Edward Geary Lansdale
A son of Michigan, Ed Lansdale was born in 1908 and later raised in Los Angeles, California.He was one of four sons born to Sarah and Henry Lansdale.After graduating from high school, he worked his way through the University of California (Los Angeles) by writing articles for newspapers and magazines.He later began work in advertising in the Los Angeles and San Francisco areas.
At the start of World War II, Lansdale joined the U. S. Army Air Corps, where he was subsequently classified as an intelligence officer and seconded to the Office of Strategic Services (OSS).Lansdale’s OSS assignment eventually took him to the Philippine Islands, but the timing and duration of this assignment are unknown.During the Japanese occupation of the Philippines, U. S. Army Lieutenant Colonel Wendell Fertig led the primary resistance movement — but it may be true that Lansdale and the OSS played a role…
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Supplying guerrilla bases deep in the highlands behind the lines. An older but awesome documentary on the little known story of Air America. Good stuff. -NCS
“I was going to say, I heard you talking about John Brennan still having influence in the CIA, and I’ve got to reiterate that, and there is no question whatsoever about it, I can say as absolute fact that he’s got tremendous pull still in the CIA. 151 more words
By most accounts, America’s efforts to covertly train and supply moderate rebels in Syria aren’t going so well. Apart from the obvious (Assad is still firmly entrenched in power and continuing to receive ever-growing external support),The New York Times recently reported that some arms provided by the Central Intelligence Agency (CIA) and Saudi Arabia haven’t quite reached their intended targets. According to the report, some individuals in Jordan’s intelligence bureau — ostensibly partnering to funnel weapons to Assad’s opponents — stole weapons destined for U.S.-backed rebels and instead sold them on the black market.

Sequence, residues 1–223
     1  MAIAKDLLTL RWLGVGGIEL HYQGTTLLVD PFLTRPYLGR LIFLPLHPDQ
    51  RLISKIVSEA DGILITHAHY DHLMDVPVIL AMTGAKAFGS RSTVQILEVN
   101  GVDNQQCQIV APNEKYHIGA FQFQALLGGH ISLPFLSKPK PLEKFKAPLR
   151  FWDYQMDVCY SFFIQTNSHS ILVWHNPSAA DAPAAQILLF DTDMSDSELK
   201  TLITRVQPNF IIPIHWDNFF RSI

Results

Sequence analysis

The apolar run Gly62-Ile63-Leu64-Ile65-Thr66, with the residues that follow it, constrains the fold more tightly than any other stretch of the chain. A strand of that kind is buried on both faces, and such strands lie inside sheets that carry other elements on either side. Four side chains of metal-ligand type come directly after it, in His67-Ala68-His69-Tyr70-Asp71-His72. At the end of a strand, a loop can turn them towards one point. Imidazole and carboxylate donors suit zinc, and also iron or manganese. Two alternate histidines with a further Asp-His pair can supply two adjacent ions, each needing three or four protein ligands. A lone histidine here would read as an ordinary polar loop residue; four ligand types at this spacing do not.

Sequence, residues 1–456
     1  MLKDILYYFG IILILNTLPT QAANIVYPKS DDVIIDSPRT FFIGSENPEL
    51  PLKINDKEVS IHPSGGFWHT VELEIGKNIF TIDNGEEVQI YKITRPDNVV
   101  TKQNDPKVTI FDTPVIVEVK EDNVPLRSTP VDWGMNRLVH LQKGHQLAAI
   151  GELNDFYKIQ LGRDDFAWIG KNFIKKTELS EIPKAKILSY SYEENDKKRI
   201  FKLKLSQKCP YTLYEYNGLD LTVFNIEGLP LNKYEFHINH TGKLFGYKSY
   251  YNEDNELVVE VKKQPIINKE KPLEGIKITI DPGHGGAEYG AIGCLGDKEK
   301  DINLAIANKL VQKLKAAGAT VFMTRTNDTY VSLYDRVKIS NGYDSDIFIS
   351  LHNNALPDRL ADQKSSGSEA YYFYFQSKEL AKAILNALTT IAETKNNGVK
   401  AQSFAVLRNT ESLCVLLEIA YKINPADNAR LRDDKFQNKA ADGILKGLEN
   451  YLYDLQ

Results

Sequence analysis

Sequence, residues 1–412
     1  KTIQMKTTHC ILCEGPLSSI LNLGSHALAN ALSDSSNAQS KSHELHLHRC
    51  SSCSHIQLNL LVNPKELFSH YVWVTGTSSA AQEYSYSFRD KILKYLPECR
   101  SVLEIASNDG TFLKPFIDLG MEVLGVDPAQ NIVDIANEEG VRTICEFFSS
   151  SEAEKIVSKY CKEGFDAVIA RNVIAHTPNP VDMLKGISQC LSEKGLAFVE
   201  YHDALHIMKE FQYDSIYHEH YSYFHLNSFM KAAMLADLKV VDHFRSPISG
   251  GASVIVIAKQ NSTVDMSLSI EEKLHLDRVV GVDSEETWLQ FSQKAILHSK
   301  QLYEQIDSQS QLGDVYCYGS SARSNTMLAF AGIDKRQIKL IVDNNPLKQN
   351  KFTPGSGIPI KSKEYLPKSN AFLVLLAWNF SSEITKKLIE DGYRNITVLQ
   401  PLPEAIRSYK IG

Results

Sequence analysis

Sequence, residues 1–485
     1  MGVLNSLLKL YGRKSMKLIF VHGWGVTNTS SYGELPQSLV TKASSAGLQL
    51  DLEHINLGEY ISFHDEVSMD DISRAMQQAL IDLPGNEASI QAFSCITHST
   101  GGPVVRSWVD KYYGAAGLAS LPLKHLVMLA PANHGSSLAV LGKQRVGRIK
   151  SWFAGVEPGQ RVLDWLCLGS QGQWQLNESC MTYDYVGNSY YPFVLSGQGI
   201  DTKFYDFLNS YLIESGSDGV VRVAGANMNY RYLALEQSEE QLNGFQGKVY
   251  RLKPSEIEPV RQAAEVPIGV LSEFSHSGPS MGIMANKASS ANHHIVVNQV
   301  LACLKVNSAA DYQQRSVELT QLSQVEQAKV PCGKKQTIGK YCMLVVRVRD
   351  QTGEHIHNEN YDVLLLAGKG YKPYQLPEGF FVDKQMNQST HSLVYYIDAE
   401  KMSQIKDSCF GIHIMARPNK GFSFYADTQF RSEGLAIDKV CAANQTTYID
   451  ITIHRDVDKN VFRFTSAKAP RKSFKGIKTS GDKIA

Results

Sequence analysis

This is not the first time an American-led covert operation has gone awry, and it certainly won’t be the last. Consider Operation Cyclone, the covert U.S. arms pipeline to the mujahideen in their fight against the Soviet Union in Afghanistan throughout the 1980s. Long held up as a success story in Cold War proxy warfare, the mujahideen – supported by the United States, Pakistan, and Saudi Arabia – fell on each other after the Soviets retreated, creating an environment where al Qaeda could later thrive. This White House is certainly no stranger to these lessons of history. During early debates on Syria policy, Obama commissioned a study on the CIA’s track record in covert aid that concluded such efforts seldom work.
What, then, is the rationale for U.S. policy in Syria? Why has the White House continued to draw on the tool of covert military aid despite its shoddy track record? Rather than praise or condemn the Obama administration’s approach, our goal is to shed light on some of the considerations that have driven what’s going on and why by drawing on ourown research on past covert aid programs. Our findings suggest that escalation dynamics and unique reputational concerns help to explain why the Obama White House finds itself stuck with a covert military aid program of questionable efficacy and impact.
Read the Remainder at War on the Rocks